The United States District Court for the District of Montana recently confronted an ongoing controversy in the measurement of wrongful death compensation. While different jurisdictions apply different standards for the compensation of wrongful death plaintiffs, a recurring question is whether damages should include the value of a statistical life. The district court decided that expert testimony regarding the damages was inadmissible.
Facts of the Case
Johnny Gibson was experiencing chest pain, heartburn, pressure between his shoulder blades, and fatigue. He was evaluated by Kimberlee Decker, a nurse practitioner at the federally funded Central Montana Community Health Center (“CMCHC”).
Decker referred Gibson for an ultrasound of his gall bladder. She did not order a heart workup, an EKG, or a stress test. Nor do the medical records suggest that she considered a heart problem as the cause of Gibson’s symptoms.
About a week later, Gibson had a heart attack. He died in surgery. The federal government, which employed Gibson, conceded her negligent deviation from the appropriate standard of care for a patient presenting with Gibson’s symptoms.
Gibson’s wife, children, and estate brought a wrongful death claim under federal law based on medical malpractice. Liability was not contested. The issues at trial involved the damages that the government should pay.
Gibson’s wife testified that Gibson earned between $10,000 and $25,000 per year as a ranch worker and painter. He was often paid in cash or in-kind services (such as free lodging and hunting privileges) that was not reflected on tax returns.
The plaintiffs called Dr. Ann Adair, an Associate Professor of Economics, as an expert witness regarding damages. Gibson was about 63 years old when he died. Adair testified that Gibson would have worked another 4 years. Based on average earnings of Montana farm workers, she calculated his lost earning capacity to be about $150,000.
Sean Black, a CPA, testified as an expert for the government. He calculated lost earning capacity of about $17,000 based on Gibson’s reported earnings prior to his death.
The court accepted the testimony that Gibson’s earnings included unreported income, making Black’s calculation inaccurate. After finding Adair’s methodology to be reliable, the court accepted Adair’s estimate as the most reasonable approximation of lost earning capacity. The court also accepted Adair’s undisputed estimate that the lost value of household services that Gibson provided to his family was about $144,000.
Based on the testimony of Gibson’s cardiac surgeon and family members, the court found that Gibson experienced pain and suffering before his surgery. The court concluded that Gibson would have needed similar surgery and would have experienced similar symptoms even in the absence of medical malpractice. The court awarded only $10,000 for pain and suffering attributable to the failure to diagnose Gibson’s heart condition.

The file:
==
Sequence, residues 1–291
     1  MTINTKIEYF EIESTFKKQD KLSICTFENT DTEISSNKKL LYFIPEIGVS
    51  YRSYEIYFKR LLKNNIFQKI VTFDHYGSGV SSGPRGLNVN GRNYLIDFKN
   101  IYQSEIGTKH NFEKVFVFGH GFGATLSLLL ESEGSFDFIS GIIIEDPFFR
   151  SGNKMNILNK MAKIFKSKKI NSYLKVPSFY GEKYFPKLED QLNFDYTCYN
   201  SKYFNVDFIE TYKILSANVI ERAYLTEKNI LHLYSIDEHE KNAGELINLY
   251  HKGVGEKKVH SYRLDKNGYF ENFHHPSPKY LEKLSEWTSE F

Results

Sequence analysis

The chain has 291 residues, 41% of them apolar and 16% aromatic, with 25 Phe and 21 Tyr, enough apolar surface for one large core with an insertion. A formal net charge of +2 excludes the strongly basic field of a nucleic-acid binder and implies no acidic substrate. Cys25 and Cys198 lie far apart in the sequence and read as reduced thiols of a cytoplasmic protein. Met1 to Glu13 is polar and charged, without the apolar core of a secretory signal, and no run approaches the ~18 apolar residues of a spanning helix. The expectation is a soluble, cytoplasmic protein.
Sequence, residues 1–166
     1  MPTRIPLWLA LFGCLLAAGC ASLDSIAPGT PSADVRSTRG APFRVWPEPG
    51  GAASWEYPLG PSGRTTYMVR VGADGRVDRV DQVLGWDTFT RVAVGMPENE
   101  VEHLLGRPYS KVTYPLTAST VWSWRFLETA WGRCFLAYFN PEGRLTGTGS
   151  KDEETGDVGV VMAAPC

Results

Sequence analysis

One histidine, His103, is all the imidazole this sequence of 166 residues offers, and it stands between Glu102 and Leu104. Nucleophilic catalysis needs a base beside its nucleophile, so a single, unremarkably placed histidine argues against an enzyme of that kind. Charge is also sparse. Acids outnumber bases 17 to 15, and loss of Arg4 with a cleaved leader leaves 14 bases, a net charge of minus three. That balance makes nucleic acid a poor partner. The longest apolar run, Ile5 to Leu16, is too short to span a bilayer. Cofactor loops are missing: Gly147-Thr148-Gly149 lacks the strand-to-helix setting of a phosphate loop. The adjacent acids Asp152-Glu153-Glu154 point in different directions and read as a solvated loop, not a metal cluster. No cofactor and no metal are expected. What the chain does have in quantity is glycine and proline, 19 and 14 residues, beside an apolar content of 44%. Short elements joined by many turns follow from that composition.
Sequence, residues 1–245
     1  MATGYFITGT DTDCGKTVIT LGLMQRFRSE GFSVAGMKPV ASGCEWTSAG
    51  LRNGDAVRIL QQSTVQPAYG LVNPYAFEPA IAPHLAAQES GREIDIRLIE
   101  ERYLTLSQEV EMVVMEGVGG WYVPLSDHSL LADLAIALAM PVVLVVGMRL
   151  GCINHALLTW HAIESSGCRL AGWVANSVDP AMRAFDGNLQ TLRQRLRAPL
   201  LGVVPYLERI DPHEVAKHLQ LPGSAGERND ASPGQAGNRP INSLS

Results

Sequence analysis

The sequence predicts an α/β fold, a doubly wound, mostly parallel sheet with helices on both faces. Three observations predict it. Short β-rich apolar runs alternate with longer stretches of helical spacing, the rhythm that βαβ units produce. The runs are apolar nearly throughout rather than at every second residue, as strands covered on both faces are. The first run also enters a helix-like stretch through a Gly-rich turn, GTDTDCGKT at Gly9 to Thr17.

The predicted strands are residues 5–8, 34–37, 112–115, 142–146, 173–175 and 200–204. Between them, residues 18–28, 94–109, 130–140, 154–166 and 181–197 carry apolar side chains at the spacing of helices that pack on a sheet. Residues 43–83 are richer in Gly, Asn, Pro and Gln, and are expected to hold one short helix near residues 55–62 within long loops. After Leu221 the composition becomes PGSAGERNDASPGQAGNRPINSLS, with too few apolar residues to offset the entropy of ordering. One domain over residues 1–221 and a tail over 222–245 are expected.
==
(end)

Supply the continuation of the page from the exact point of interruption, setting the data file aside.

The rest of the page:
Value of a Statistical Life
The primary disagreement among the experts was whether the plaintiffs were entitled to compensation for the value of a statistical life, in addition to lost earning capacity. The value of a statistical life is not the value of a life, which is incalculable, but the value of reducing risks to life.
Adair testified that the value of a statistical life can be measured under either the revealed preference or stated preference theory. The revealed preference theory measures the extra compensation that workers require to take substantially more dangerous jobs or the amount people are willing to pay for insurance, safety gear, and safer products. The stated preference theory imputes a value from studies that ask individuals what they would do to avoid certain risks.
Adair calculated the value of a statistical life according to guidance provided by the United States Department of Transportation and by the Environmental Protection Agency. The Transportation Department methodology resulted in a value of $9.6 million while the EPA methodology resulted in a value of $7.4 million without adjusting for inflation.
The district court noted that many federal courts “have expressed skepticism” about basing wrongful death damages on the value of a statistical life. Government agencies value a statistical life for the purpose of making cost-benefit decisions about safety measures (such as pollution reduction technology) that reduce the risk of death. The court concluded that the government’s decision-making tools do not provide a reasonable or reliable measurement of damages for a wrongful death. Making a Daubert ruling, the court accordingly disregarded Dr. Adair’s testimony regarding the value of a statistical life.
The court did not explain why Dr. Adair’s methodology was unreliable. It seemed to decide as a policy matter that the value of a statistical life cannot be awarded as damages in a wrongful death case. Curiously, it did so without considering whether controlling law — in this case, Montana state law — would permit an award of damages for the value of a statistical life. Other federal courts might reach a different decision about the reasonableness of an expert’s opinion concerning the value of a statistical life, depending on state court precedent regarding wrongful death damages.